How shall we be governed during the War on Terrorism? Definitely not as we have in the past. Existing governing practices comprehensively failed to protect the people and cannot be continued. Since we have been forced to face the horrors of terror attacks on the United States we likewise need to consider the sort of government such a war will force us to adopt...
Thursday, October 4, 2018
#277 / Constitutional Dictatorship
Clinton Rossiter, who was an American historian, wrote The American Presidency (pictured above). I remember reading that book way back when. He also wrote another book, which I just came across in a giveaway book bin: Constitutional Dictatorship: Crisis Government in the Modern Democracies. That is a timely title, of course, so I picked up the book, which I had never heard of.
I have a generally positive recollection of The American Presidency, which I must have read over fifty years ago when I was an undergraduate student. I do not have a similar good feeling about this other book. I was genuinely disturbed and distressed by the edition of Constitutional Dictatorship that I fished out of the book bin. The original edition of the book was written in 1948, immediately after the Second World War. It seems it went out of print pretty quickly. A new edition of Rossiter's book was then reissued in 2002, right after the terrorist attacks that occurred in the United States on September 11, 2001.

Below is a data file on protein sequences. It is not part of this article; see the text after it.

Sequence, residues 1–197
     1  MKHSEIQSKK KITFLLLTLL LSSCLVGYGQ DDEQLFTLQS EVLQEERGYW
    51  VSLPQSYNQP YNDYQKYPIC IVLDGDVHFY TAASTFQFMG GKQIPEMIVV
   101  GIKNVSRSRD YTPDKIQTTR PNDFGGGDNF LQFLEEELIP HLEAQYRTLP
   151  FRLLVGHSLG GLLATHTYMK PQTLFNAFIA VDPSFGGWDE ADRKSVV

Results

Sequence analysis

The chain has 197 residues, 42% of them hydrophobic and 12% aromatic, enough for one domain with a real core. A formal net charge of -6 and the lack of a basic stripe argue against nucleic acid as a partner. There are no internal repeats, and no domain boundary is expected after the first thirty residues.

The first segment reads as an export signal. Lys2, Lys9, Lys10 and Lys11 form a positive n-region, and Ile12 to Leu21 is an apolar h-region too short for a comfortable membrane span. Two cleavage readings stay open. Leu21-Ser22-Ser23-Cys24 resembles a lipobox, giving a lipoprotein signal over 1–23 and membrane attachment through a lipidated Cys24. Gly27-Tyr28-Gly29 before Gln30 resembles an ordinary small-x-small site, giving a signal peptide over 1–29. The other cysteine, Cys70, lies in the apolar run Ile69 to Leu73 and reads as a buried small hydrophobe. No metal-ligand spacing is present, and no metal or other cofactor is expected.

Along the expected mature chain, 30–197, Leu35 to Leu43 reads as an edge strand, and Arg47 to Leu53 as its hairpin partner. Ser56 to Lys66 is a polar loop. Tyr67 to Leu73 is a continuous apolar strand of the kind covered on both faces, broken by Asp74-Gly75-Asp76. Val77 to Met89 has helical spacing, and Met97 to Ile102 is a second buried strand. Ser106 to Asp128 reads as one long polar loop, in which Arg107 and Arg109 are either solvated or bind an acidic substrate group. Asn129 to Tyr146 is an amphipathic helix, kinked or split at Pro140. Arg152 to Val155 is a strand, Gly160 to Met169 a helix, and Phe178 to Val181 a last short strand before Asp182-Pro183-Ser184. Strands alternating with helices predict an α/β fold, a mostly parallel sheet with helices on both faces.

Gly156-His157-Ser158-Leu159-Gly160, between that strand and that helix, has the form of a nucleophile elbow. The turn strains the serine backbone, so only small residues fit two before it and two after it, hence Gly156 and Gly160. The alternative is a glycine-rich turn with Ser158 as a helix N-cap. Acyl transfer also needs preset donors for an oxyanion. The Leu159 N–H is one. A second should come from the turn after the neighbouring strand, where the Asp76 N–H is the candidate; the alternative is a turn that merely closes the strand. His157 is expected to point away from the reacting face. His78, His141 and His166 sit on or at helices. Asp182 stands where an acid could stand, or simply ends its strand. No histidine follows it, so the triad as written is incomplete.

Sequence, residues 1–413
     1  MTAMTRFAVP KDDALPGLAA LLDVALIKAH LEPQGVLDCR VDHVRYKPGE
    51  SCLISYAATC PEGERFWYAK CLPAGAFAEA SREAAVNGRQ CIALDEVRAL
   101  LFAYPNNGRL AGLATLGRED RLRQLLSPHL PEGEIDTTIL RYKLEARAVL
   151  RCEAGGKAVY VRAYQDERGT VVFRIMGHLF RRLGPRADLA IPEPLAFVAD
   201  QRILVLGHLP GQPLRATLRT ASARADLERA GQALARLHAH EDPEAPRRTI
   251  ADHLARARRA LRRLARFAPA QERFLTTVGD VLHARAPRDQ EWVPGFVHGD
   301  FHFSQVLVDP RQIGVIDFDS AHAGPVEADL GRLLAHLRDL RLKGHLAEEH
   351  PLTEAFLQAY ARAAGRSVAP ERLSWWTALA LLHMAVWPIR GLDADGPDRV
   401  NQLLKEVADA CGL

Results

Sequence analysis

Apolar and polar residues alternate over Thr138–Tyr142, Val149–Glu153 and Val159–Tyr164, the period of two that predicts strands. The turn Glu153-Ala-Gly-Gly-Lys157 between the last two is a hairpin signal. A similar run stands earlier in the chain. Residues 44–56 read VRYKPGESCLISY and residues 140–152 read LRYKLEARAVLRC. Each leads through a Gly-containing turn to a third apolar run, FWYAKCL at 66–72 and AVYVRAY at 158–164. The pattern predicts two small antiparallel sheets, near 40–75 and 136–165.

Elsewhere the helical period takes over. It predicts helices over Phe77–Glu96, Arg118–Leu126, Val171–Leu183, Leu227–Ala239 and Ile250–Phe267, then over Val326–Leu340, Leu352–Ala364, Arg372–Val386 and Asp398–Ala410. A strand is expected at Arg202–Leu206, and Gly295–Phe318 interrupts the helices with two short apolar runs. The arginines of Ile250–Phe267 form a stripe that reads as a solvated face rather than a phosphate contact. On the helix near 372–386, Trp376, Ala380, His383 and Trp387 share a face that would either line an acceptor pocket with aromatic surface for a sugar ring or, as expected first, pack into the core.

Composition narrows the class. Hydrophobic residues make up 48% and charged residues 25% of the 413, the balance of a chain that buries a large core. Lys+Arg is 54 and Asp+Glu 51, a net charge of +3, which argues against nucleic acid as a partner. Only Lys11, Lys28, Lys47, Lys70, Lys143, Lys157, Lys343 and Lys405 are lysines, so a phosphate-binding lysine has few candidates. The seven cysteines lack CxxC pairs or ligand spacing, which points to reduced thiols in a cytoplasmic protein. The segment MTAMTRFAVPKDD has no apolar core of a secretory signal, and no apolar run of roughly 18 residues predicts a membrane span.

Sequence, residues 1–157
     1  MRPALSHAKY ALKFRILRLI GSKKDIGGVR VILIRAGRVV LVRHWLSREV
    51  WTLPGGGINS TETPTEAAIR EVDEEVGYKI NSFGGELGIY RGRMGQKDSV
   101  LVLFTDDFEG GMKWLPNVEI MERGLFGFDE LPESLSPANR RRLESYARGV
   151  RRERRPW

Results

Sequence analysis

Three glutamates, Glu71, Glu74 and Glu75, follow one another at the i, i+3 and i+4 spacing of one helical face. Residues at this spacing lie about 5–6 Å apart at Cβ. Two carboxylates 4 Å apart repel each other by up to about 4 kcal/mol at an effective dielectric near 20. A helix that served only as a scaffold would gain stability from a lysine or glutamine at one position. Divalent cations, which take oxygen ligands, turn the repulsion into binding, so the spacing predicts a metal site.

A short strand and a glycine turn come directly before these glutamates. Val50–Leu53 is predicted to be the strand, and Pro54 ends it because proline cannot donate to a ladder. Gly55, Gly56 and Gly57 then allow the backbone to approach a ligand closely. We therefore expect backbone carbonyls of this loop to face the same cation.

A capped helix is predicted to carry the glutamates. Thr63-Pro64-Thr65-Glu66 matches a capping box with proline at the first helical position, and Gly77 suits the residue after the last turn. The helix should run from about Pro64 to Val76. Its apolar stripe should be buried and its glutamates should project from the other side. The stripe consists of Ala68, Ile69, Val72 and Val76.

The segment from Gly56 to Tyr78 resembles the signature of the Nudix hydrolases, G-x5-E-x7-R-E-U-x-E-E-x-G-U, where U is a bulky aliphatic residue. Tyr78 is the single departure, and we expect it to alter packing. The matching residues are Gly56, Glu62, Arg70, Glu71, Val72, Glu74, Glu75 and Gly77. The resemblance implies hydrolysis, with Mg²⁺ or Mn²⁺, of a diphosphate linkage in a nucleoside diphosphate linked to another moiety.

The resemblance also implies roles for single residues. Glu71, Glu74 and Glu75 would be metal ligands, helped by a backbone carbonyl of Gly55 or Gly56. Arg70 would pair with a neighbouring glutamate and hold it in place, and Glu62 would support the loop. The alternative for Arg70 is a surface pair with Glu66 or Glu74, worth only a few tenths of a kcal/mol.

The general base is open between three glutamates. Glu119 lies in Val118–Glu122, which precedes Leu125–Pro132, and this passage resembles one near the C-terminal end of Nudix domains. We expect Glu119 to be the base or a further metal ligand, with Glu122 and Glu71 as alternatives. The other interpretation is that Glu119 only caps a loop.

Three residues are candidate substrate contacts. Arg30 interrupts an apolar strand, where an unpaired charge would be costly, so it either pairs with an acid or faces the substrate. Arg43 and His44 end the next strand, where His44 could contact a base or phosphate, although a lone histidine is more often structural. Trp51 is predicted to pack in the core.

William J. "Bill" Quirk, who currently represents the 20th Assembly District in the California State Assembly, wrote an introduction for the new edition of Constitutional Dictatorship and indicates that he approves the idea that what America really needs right now, in the aftermath of the successful terrorist attacks on 9-ll, is nothing less than a dictatorship:
Rossiter's book is premised on the idea that democratic societies, when they face crises, need to set democracy aside, so they can really get to work on the problems that confront them. Democracies are inevitably unable to deal with crisis. That's what Rossiter argues, and that is what Quirk says, too.
May I politely and profoundly disagree?
I assume that Quirk's introduction is, by now, an embarrassment to him. I surely hope so. Do we really want President Donald J. Trump to be our constitutional dictator? I am voting "NO."
I would vote "NO" on making Barack Obama a constitutional dictator, too.
Please, people, let's have a little bit of faith in our system of democratic self-government! We have faced a lot of crises, from wars to economic collapse. No dictatorships have been required.
Let's not start now.